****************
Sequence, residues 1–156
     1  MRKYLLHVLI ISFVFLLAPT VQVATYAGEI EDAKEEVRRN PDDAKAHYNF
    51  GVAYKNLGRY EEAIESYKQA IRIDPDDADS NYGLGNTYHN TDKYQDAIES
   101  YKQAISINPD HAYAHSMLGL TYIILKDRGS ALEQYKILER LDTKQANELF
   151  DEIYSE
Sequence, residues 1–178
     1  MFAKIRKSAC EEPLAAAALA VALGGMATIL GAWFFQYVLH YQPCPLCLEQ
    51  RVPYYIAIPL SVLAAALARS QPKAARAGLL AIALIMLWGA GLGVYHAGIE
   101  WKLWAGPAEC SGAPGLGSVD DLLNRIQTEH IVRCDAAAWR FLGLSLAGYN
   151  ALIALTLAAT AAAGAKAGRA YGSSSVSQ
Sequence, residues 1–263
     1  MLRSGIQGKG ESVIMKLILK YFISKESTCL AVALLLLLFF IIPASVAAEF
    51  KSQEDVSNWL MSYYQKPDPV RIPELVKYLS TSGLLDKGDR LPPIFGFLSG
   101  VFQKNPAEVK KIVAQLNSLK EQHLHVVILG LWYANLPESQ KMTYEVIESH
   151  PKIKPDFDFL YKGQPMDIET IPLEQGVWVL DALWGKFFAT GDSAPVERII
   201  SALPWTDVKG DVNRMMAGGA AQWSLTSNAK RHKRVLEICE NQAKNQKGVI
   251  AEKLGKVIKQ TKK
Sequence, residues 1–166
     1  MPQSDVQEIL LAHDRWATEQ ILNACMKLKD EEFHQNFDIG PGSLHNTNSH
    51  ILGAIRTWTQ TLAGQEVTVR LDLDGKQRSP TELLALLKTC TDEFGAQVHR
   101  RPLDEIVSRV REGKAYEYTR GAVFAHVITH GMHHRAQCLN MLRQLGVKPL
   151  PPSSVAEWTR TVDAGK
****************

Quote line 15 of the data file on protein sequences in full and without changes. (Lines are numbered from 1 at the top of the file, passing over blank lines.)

   151  PKIKPDFDFL YKGQPMDIET IPLEQGVWVL DALWGKFFAT GDSAPVERII